When you’re checking out a potential new residence, you always have a million questions running through your head, and sometimes it’s easy to forget a few important ones. Consider taking a checklist with you to ensure you ask everything you want to know about your new house or apartment. A landlord is more likely to quickly bend to your whims before you move in (and before you hand over that first rent check), so you should ask questions and set your expectations up front. Here are seven safety questions to ask your landlord before you move in:
7 Safety Questions to Ask Your Landlord Before Moving In
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1. Are all the appliances working properly?
Before a landlord leases a property, they should make sure that all the appliances are working properly, especially anything that uses gas, such as a stove. When you check out a home or apartment, you should check out all the burners, the fridge, and all the water taps. This question should also focus on safety features like carbon monoxide detectors, smoke alarms, and thermostats. These are important appliances and are vital for your safety and satisfaction when renting a new home.
2. Are the draperies, blinds, or curtains included?
Sometimes the window treatments are not included with the residence, so it’s always a good idea to check. Blinds, drapes, or curtains are essential when you’re moving into a place. You don’t want strangers to be able to look into your residence and see all your valuables, especially when you’re moving in and everything is scattered in plain view. Make sure to get some good window treatments installed stat if they don’t come with the residence.
3. Have the locks been changed?
Whether you’re moving into an apartment or a house, insist that the locks be changed before moving in. Make sure the locks are new and not just redistributed. Some apartment owners just rotate the locks between apartments, which can be dangerous. You never know who might be savvy to the system and have keys to the old locks. You might also consider asking for an upgrade to a smart or electronic door lock. Some landlords will be willing to let you install this if you foot the bill.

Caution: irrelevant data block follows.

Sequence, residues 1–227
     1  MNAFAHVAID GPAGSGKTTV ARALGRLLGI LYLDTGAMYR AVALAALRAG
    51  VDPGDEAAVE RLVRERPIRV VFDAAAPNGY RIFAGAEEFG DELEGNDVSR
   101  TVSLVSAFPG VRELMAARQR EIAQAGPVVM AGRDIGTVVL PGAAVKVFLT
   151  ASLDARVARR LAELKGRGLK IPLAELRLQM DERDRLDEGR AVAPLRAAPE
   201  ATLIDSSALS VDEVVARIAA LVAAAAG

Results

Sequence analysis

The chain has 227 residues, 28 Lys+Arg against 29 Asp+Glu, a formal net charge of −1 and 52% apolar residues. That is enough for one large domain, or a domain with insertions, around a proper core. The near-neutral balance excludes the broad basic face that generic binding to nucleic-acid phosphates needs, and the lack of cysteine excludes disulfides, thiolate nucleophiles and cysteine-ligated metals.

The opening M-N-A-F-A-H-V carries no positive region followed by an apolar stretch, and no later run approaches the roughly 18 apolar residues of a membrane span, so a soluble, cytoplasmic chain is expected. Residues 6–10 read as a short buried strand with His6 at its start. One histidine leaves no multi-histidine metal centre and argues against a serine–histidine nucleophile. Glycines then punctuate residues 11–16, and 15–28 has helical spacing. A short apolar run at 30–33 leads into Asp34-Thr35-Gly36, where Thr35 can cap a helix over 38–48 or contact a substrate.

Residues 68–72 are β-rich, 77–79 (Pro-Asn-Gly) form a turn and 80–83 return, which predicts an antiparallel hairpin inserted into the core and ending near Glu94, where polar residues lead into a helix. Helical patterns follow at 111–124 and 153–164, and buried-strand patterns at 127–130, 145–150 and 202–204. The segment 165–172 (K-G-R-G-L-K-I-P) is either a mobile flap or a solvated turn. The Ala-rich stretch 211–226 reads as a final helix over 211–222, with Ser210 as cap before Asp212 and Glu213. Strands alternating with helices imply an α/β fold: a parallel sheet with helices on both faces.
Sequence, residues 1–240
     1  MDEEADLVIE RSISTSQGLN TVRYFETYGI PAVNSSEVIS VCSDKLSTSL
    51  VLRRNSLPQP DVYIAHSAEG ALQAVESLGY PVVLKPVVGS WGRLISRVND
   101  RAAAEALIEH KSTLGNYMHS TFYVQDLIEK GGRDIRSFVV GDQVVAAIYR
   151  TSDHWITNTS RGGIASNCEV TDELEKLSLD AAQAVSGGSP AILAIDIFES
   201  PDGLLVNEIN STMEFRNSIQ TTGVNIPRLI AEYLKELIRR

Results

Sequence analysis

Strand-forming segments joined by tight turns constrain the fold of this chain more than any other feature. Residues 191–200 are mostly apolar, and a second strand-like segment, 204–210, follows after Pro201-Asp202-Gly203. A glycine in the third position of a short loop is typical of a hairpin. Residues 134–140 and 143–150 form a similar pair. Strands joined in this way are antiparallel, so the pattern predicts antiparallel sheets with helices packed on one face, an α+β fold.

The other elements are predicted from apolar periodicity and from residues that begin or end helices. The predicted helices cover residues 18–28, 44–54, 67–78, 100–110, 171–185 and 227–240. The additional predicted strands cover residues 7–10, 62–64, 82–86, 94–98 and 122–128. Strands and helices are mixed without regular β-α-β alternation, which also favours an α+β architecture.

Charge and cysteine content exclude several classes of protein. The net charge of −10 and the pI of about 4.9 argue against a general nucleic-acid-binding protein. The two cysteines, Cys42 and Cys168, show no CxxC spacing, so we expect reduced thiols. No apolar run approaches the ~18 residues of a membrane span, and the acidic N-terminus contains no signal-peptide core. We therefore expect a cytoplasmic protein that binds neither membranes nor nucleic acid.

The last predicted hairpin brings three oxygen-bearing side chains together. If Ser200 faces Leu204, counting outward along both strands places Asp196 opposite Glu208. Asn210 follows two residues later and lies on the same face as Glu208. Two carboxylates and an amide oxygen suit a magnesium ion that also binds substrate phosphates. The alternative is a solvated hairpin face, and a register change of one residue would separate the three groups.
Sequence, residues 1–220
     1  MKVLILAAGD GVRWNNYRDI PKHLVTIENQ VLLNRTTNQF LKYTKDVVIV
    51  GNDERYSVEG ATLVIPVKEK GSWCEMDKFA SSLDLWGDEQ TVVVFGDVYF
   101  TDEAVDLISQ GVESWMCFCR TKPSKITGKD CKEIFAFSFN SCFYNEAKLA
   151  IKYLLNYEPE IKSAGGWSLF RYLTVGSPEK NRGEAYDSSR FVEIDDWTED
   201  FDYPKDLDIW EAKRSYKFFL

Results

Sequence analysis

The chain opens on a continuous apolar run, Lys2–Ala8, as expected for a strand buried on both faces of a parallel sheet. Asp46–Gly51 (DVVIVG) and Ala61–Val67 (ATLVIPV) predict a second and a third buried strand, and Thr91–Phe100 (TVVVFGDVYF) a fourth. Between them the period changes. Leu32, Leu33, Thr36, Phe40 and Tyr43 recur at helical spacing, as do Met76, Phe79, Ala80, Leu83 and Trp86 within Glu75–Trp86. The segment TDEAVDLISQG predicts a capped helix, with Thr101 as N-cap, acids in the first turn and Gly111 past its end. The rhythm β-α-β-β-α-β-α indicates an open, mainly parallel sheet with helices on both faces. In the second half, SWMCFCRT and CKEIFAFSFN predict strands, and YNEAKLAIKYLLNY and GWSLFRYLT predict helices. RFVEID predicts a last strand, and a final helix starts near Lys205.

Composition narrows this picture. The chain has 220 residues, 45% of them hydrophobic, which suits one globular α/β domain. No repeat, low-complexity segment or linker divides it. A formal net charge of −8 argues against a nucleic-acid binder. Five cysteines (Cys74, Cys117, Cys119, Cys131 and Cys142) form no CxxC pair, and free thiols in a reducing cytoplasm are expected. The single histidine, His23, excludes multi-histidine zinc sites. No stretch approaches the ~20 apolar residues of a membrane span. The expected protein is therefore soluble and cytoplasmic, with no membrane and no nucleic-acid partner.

4. How can you stay safe in the neighborhood?
Your landlord should know the neighborhood well enough to give you general safety advice. For example, do they provide covered parking (since street parking risks car burglary)? If you live in a complex with a building door, is there a key or electronic code used to lock the building in the evening?
5. Are there motion-sensor lights? Is the area well-lit?
It may not be a bad idea to check out your potential residence at night to see how the lighting checks out, rather than taking the landlord’s word for it. Unlit areas can turn into convenient hiding spots for potential intruders, so the more lighting outside, the better. Motion-sensor lights are great because you don’t have to waste energy leaving lights on, but if motion is detected near an entrance or window, the lights will come on. You can find motion sensor lights at pretty affordable prices, and they make a big difference in the safety of your home.
6. Is there a fire extinguisher on the premises?
Although it’s more common in apartment complexes, many residences come equipped with fire extinguishers to use in case of emergency. If your residence does not come with a fire extinguisher, consider buying one and keeping it in an easy-to-grab place in case of a fire emergency. Educate yourself about what to do in case of a fire, and make sure you have all of the essentials ready to go.
7. Has the place been tested for mold?
Mold in homes can be associated with several health risks, including eye irritation, respiratory problems, and headaches. Mold can often be found in crawl spaces, attics, and drywall, and if found, it should be removed immediately and the area should be cleaned. Generally, homes or apartments should be tested for mold every 5–10 years. Be especially careful if you notice any black mold, and be sure to ask about this when you're taking your first tour of the home.
Don’t hesitate to ask your landlord questions, and be prepared to make safety adjustments in your new home or apartment. For more safety tips for apartments, check out our renter’s guide to home security